Welcome to The Kettle!

Primarily, "The Kettle" publicizes and manages the "Three Cups of Tea Book Project." However, as described in our very first post (click here), we also hope to use "The Kettle" as a medium for individuals interested in social issues to become more aware of the lives of those less fortunate. Ideally, whatever we write or publish here will take that nascent concern and transform it into action. To inspire any action, small or large, in the genuine interest of doing better for the world is our ultimate goal.

Though heavily slanted towards Pakistan and Afghanistan presently, we do try to include news, opinions, and reference materials regarding diverse topics, including poverty, reconstruction, human rights, Africa, "Green" developments, Micro Finance, and other solutions and considerations for what are essentially man made problems in the world. In the universe of charitable options, we endorse and support multigenerational solutions and initiatives for multigenerational problems.

The education made possible by the Central Asia Institute is one such solution, but there are certainly others. We encourage the commitment of resources and people that goes beyond merely "patriarchal" handouts to the multitude of people in need. We agree that it is good to charitable, but charity that only treats the symptoms and not the root causes has proven to be insufficient. A consistent commitment to work with the local communities of people in need to provide and/or improve education, nutrition, access to capital, human rights, security, sustainable development/redevelopment, and environmental stewardship are what will lead to an enduring improvement in people's lives.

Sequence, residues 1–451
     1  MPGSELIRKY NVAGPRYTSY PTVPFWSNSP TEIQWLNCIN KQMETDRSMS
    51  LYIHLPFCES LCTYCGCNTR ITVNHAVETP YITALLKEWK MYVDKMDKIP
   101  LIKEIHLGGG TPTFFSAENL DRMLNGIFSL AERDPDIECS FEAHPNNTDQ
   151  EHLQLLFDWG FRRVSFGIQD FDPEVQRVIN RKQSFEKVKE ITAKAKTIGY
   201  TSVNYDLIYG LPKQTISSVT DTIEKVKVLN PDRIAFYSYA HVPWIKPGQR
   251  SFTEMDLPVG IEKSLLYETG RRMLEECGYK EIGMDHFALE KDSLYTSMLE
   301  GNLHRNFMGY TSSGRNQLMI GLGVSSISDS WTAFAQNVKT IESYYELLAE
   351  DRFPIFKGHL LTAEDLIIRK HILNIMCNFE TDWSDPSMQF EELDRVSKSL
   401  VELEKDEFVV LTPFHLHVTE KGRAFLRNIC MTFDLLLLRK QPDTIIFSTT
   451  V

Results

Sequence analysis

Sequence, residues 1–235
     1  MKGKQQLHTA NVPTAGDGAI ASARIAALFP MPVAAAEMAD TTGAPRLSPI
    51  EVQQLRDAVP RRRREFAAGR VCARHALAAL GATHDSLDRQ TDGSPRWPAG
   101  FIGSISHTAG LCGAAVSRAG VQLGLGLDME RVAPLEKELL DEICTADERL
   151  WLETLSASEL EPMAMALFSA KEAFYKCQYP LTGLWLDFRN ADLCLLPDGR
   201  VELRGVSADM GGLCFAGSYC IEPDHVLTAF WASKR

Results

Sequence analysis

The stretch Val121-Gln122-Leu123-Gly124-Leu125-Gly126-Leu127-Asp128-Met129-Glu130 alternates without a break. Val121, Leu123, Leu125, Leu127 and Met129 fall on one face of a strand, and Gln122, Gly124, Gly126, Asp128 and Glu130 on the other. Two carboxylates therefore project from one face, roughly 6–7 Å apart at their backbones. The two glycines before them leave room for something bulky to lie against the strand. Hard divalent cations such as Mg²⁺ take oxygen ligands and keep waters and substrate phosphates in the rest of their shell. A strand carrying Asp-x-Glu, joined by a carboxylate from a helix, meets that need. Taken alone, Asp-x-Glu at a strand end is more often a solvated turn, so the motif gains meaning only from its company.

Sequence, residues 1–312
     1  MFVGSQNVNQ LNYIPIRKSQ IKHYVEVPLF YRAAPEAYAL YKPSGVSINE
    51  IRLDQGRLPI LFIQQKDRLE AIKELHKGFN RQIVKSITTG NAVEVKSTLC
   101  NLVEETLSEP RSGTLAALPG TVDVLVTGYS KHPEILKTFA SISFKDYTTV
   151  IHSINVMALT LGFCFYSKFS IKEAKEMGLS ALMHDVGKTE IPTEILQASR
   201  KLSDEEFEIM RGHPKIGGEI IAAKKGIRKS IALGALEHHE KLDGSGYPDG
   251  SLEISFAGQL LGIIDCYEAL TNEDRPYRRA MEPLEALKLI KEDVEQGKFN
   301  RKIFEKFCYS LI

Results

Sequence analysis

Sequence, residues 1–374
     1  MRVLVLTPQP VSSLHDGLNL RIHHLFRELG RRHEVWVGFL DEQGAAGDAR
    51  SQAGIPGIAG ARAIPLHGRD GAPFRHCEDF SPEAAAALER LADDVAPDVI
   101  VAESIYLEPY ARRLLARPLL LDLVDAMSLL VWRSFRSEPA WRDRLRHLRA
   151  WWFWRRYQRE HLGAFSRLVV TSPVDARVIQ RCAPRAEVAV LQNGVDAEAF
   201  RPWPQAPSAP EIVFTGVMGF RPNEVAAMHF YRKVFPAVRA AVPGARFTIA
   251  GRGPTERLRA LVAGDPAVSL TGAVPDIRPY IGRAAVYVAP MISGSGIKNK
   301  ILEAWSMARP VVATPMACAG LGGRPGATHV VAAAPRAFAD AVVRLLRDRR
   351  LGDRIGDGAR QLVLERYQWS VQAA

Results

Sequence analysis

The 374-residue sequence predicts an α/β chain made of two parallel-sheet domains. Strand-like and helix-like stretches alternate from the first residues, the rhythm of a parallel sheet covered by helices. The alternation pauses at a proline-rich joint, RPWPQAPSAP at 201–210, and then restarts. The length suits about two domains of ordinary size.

If you have any questions, general comments, and suggestions for improvements, please leave a comment on any of the posts below, and we'll follow up with you!

The Kettle's shared items

Wednesday, August 19, 2009

Motherhouse, A Social Business in Bangladesh Started by a Japanese Entrepreneur

A friend of mine recently decided to leave the corporate world behind to do something she can be really passionate about. She will be joining Motherhouse, a social business in Bangladesh started by a Japanese entrepreneur. Yamaguchi started Motherhouse after realizing that like most people working in charity organizations that focus on developing countries, she had no experience being in a developing country. She soon made her way to Bangladesh . While trying to figure out a way to help the people there, she discovered the jute fiber, and decided she would try to sell products made in Bangladesh to Japan. Despite the alien surroundings and hardships of living and doing business in Bangladesh, Yamaguchi managed to succeed and build an organization that has inspired my friend to join them and fulfill an inherent need to do something better in her life.

-- The Kettle Rumbles

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